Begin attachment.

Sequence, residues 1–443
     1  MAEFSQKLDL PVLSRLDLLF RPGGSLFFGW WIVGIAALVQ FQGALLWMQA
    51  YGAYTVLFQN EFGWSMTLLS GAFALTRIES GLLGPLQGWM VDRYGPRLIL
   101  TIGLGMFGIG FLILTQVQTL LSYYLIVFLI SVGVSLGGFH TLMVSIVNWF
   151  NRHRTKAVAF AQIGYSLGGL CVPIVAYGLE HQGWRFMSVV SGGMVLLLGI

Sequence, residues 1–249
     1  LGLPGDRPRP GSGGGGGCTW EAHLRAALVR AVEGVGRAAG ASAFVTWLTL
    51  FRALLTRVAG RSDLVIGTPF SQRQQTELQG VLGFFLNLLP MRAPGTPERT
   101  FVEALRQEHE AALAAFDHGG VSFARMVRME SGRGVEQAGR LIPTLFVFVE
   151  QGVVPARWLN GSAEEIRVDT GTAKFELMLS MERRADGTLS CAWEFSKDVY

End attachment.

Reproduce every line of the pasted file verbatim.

Sequence, residues 1–443
     1  MAEFSQKLDL PVLSRLDLLF RPGGSLFFGW WIVGIAALVQ FQGALLWMQA
    51  YGAYTVLFQN EFGWSMTLLS GAFALTRIES GLLGPLQGWM VDRYGPRLIL
   101  TIGLGMFGIG FLILTQVQTL LSYYLIVFLI SVGVSLGGFH TLMVSIVNWF
   151  NRHRTKAVAF AQIGYSLGGL CVPIVAYGLE HQGWRFMSVV SGGMVLLLGI

Sequence, residues 1–249
     1  LGLPGDRPRP GSGGGGGCTW EAHLRAALVR AVEGVGRAAG ASAFVTWLTL
    51  FRALLTRVAG RSDLVIGTPF SQRQQTELQG VLGFFLNLLP MRAPGTPERT
   101  FVEALRQEHE AALAAFDHGG VSFARMVRME SGRGVEQAGR LIPTLFVFVE
   151  QGVVPARWLN GSAEEIRVDT GTAKFELMLS MERRADGTLS CAWEFSKDVY